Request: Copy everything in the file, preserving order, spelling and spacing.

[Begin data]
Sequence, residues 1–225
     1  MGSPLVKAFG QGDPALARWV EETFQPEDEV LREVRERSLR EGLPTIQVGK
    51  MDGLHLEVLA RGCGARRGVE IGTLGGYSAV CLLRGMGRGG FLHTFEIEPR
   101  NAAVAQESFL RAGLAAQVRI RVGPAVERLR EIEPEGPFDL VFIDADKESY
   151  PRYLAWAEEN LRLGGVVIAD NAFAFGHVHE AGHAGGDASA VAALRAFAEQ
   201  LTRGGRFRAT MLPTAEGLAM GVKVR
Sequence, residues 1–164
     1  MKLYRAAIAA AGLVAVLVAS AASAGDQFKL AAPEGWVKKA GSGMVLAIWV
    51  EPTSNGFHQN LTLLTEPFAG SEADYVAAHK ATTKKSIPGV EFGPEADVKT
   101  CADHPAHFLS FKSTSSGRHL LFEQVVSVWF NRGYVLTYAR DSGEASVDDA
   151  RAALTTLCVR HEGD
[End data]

Sequence, residues 1–225
     1  MGSPLVKAFG QGDPALARWV EETFQPEDEV LREVRERSLR EGLPTIQVGK
    51  MDGLHLEVLA RGCGARRGVE IGTLGGYSAV CLLRGMGRGG FLHTFEIEPR
   101  NAAVAQESFL RAGLAAQVRI RVGPAVERLR EIEPEGPFDL VFIDADKESY
   151  PRYLAWAEEN LRLGGVVIAD NAFAFGHVHE AGHAGGDASA VAALRAFAEQ
   201  LTRGGRFRAT MLPTAEGLAM GVKVR
Sequence, residues 1–164
     1  MKLYRAAIAA AGLVAVLVAS AASAGDQFKL AAPEGWVKKA GSGMVLAIWV
    51  EPTSNGFHQN LTLLTEPFAG SEADYVAAHK ATTKKSIPGV EFGPEADVKT
   101  CADHPAHFLS FKSTSSGRHL LFEQVVSVWF NRGYVLTYAR DSGEASVDDA
   151  RAALTTLCVR HEGD